I realized something today about bullies… They don’t admit their fault. They might admit fault when they’ve been caught and have no other choice, but it’s surrender. Not true acceptance of fault. Which also means there’s no true accountability. Mostly bullies turn things on the other person, make excuses for their behavior, and use victim-blaming words. “You should have known.” “If you had done it this way, then you’d not be upset by my reactions.”
Bullies blame everyone else.
This is so confusing because sometimes these very same people say they want to grow. Say they want accountability. Claim to want to know the truth. Yet do they?
If someone asks for truth then punishes you for giving it, isn’t that a bully?
The punishing can come in many forms too. It might be in the way of passive aggressive statements. Snippy remarks. Screaming and/or name calling. It can be ignoring someone or flat out attacking them. The list of tactics a bully uses is long and it’s long for good reason. A bully must always have an arsenal of things to use against someone to get them under control.
Nonconsensual control is the name of the bully’s game.
When people refuse to take a simple look at their behavior or if they refuse to admit fault and work on their issues rather than focusing on blaming others, I really have no patience for that. I go to great lengths to make sure that I’m being the best person I can in any given situation. I wasn’t always great at communication and I’m still learning too, but I try hard.
For so long I looked at other people’s behavior and thought, But I’m not perfect. I mess up too. So how can I call someone else out on their shit?
What I now see is that I need to call them out, just as people call me out on mine. A good person will take what’s shared with them—no matter how difficult it is to hear—and take action to resolve it or alter their behavior. Even if they can’t see their own behavior, they’ll at least consider what the other person is saying and take a closer look at their choices.
A bully will only fly with accusations of, “You should have done xzy!” “You did this and that to me!” “You need to do this and then that will be different.” The theme is generally one of pushing everything off on the other person by the constant use of you.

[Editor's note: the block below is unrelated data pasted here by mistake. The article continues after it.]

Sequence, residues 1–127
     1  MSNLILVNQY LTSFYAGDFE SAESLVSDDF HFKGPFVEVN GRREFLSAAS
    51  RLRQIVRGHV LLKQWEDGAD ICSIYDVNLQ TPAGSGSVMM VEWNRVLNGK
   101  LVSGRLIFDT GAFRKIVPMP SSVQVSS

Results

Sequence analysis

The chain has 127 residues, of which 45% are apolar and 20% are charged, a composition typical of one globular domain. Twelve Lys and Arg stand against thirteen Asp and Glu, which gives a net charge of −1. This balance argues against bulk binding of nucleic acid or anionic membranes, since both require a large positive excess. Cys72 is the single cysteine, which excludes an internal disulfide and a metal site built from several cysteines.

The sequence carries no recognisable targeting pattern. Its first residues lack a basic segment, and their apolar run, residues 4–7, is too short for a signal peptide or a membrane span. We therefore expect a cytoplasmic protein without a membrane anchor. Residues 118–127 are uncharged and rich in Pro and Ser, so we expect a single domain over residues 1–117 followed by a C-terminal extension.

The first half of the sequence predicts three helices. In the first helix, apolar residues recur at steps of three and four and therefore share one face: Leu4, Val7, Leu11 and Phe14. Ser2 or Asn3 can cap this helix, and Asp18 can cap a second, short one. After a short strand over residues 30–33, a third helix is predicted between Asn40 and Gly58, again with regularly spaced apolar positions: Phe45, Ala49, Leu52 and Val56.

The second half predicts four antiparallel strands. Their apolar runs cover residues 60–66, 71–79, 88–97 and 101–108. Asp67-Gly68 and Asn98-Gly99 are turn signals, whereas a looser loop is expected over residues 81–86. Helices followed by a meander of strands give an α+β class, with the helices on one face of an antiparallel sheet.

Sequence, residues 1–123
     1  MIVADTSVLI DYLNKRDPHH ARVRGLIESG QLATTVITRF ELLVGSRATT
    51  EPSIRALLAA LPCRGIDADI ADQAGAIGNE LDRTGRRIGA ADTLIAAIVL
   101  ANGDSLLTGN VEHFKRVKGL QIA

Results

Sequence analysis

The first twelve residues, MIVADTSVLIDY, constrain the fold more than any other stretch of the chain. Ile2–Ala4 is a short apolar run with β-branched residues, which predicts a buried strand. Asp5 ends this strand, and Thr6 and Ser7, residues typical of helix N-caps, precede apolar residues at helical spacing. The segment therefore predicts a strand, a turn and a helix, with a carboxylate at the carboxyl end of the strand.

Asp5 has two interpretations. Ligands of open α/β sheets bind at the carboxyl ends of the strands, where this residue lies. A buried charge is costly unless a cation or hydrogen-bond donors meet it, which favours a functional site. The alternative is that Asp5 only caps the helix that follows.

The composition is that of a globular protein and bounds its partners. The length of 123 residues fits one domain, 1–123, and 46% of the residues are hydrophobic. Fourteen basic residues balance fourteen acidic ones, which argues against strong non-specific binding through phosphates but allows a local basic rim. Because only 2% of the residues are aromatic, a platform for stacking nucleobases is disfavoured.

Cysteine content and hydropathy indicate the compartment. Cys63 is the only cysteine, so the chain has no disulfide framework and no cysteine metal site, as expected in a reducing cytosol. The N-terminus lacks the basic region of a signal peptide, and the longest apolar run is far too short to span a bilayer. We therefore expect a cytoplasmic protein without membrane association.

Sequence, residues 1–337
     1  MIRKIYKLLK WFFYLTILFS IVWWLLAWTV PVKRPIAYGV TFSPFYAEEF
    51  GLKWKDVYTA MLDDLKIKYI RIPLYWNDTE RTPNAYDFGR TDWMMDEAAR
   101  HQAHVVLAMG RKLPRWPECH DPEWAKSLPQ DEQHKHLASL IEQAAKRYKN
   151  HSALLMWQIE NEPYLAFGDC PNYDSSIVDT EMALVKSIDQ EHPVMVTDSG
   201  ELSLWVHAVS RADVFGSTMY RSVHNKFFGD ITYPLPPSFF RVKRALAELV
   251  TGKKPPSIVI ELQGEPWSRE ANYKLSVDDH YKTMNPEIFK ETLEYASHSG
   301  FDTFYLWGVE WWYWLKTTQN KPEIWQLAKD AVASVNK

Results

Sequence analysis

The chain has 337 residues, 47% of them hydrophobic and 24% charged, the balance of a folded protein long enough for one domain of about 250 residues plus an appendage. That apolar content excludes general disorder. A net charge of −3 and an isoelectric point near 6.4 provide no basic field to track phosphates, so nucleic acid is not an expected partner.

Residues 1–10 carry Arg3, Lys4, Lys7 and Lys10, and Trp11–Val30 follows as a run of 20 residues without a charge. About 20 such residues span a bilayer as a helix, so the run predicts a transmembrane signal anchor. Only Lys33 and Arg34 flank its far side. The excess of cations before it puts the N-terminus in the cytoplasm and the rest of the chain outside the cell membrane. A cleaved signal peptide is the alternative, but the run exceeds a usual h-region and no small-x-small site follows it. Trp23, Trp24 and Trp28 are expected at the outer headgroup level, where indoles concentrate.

A bully might apologize later, but there are often excuses behind behavior.
Never ruin a good apology with an excuse.
We’ve all heard that statement and it’s true. Shifting one detail of the manner in which we apologize changes so much.
This brings me to another observation about bullies…
Even if there’s a genuine apology, if the person keeps repeating behavior and crossing boundaries, they are still a bully! Apologizing doesn’t make someone ‘no longer a bully’. Changing behavior does.
Last night a friend told me that if someone keeps crossing my boundaries, why would I want to be around this person? And she’s right. Why would I?
Someone who continually crosses boundaries is a bully.
I didn’t think about this much until today when I read an article on bullies and setting boundaries that my friend originally posted. The article, If You Set a Boundary, Expect to Deal with Anger by Susan Biali M.D., helped me to see that boundary setting angers bullies because it takes away their control. Other times setting a boundary may be forcing that person to recognize behavior that they aren’t willing to admit and/or deal with.
I’ve thought back to times when people set boundaries with me. If someone said, “I can’t be in this kind of situation,” and it’s one that I—by just being me—will expose that person to, then I support that person in their backing away. If it’s something I can change I might, but more likely it’s something that I can’t change and therefore I’ve been accepting that I need to keep a respectful distance. Another boundary example is someone setting up a time limit of availability, to which I understand and try not to overstep or cross by limiting my expectations of that person. These aren’t hard things to follow and have little to do with me personally. They have to do with other’s limits. So I respect them.
I’m not, nor have I been, angered by them.
In the past I’ve had a double standard when it came to others and myself. I hold myself to a high standard (and am hard on myself if I hurt someone), while I tend to make excuses for other’s behavior or allow them to excuse their own.
This is why I end up bullied again and again.
The truth is that there’s no excuse for being a bully. It doesn’t matter if you have social anxiety, PTSD, fear of abandonment, bipolar disorder, or any other excuse one might give. Those things may affect a person and cause a harsh response, but it certainly doesn’t excuse behavior. I know, because I don’t let my issues be an excuse for my behavior even if they often affect my responses.
There is no excuse for blaming everyone else and not looking at the person in the mirror.
That is the behavior of a Bully™.
*image by Joanna Atkinson on freeimages.com*